What if OPEC+ Keeps Producing to Match Returning Demand?

July 17, 2020July 28th, 2020
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The cartel has enough spare capacity to match demand barrel for barrel through 2021. They could slowly open the taps on supply as demand slowly returns to pre-COVID-19 levels. This type of OPEC+ policy could keep crude oil prices trading in a tight range by not allowing supply and demand to separate.

Global oil demand has risen dramatically from April lows as governments reduce or remove mandatory lockdowns that kept many from using petroleum products. Demand is still not near pre-COVID levels but continues to climb.

OPEC+ this week signaled it would increase supply in August, because demand was recovering. Continuing this policy, of supplying more crude into the market as demand increases, implies OPEC+ would match supply cuts evenly with returning demand.

The group has been curbing supply by up to 9.7 MMBbl/d since April, and will carry those cuts through the end of July. In August, the oil cartel will start to unwind a portion of those cuts. (see OPEC+ Plans 2 MMBBl/d Production Increase for August).

If OPEC+ follows this  sliding-scale method of returning output, oil prices might face an uphill battle. With over 9 MMBbl/d in dry powder, OPEC+ can match increases in demand all the way back up to pre-Covid-19 levels. Worse (for prices), this doesn’t include capacity from Iran, which is currently stymied by sanctions.

Demand isn’t expected to reach pre-COIVD-19 numbers until at least late 2023 according to the International Energy Agency (IEA) and 2022 according to Goldman Sachs. If true, this means OPEC+ would have at least two years to slowly release more crude onto the market.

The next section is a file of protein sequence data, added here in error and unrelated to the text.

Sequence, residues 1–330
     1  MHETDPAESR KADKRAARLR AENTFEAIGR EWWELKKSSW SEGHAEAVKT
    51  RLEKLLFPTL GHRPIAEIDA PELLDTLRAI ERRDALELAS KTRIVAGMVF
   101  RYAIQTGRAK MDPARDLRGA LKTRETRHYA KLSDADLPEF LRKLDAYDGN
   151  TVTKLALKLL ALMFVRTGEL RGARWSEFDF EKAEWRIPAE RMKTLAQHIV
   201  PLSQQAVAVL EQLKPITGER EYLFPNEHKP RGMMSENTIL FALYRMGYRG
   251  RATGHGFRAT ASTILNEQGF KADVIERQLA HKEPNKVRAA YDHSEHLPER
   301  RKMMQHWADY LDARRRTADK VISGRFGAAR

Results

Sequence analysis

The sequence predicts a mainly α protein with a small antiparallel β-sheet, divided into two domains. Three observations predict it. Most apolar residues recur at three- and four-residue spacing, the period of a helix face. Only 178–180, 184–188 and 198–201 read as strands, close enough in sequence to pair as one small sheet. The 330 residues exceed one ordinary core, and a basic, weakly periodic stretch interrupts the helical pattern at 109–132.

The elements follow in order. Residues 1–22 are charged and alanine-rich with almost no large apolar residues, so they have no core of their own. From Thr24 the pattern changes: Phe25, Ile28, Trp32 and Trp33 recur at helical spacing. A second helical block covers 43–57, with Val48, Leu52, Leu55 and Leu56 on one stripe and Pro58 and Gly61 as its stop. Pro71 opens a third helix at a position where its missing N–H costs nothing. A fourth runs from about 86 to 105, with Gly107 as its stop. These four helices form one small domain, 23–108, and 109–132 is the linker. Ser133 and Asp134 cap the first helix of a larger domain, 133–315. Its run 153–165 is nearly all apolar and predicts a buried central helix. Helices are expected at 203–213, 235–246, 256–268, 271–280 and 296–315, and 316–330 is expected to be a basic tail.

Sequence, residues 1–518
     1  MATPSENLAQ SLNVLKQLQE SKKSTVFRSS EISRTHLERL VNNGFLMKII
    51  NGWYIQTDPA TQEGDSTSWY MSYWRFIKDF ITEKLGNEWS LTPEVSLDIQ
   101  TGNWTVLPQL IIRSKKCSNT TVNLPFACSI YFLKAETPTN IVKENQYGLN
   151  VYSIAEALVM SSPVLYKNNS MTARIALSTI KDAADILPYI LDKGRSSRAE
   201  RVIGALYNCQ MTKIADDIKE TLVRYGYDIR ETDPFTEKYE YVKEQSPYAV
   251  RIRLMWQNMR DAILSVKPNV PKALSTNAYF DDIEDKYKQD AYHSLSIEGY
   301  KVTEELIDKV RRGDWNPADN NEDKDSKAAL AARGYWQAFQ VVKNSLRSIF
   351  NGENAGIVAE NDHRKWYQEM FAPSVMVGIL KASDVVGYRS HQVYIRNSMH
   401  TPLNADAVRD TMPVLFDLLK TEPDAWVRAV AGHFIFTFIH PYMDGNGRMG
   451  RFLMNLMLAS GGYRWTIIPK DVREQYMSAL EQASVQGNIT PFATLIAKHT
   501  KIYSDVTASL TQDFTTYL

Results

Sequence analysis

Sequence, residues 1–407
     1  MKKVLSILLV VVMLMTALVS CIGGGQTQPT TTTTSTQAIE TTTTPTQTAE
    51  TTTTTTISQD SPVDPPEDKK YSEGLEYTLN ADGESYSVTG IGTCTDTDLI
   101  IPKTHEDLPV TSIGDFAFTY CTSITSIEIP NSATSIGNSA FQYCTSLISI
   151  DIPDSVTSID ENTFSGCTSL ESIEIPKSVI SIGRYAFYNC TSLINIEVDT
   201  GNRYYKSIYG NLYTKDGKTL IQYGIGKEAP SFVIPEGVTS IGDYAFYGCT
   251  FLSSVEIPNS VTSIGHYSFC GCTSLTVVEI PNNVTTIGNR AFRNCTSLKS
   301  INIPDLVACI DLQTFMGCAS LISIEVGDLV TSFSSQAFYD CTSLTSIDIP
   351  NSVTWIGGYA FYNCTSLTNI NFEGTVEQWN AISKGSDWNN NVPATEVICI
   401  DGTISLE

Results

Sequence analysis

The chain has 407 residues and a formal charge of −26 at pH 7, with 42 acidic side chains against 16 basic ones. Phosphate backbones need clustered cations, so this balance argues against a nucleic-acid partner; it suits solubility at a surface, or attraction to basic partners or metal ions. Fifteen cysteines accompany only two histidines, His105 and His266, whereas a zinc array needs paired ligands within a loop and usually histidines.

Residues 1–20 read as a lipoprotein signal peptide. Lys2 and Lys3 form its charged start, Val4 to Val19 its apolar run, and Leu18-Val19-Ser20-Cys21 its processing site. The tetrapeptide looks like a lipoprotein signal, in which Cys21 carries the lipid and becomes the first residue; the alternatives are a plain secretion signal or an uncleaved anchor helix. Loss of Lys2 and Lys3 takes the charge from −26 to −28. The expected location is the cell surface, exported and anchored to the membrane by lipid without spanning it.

Oil demand in 2020 is pegged at about 92.89 MMBbl/d according to the U.S. Energy Information Agency, down from 101.04 MMBbl/d in 2019. If OPEC+ can meet demand with adding supply then the market would theoretically maintain the current supply-demand balance, which has produced a low-$40/Bbl environment.

There are of course other factors and variables that go into how supply and demand will evolve, but OPEC+ has the biggest lever to pull with near 9 MMBbl/d in spare capacity. If they so choose, the cartel could match increases in demand with supply to defend market share and affect price.

We continue to monitor oil, gas, NGLs, and regional markets for hedging opportunities. To learn more and see AEGIS opinion and recommendations, go to AEGIS View publications, or contact info@aegis-energy.com. Like what you see? Share this article with the button on the bottom right of your desktop. Market questions or comments? Contact us at view@aegis-energy.com

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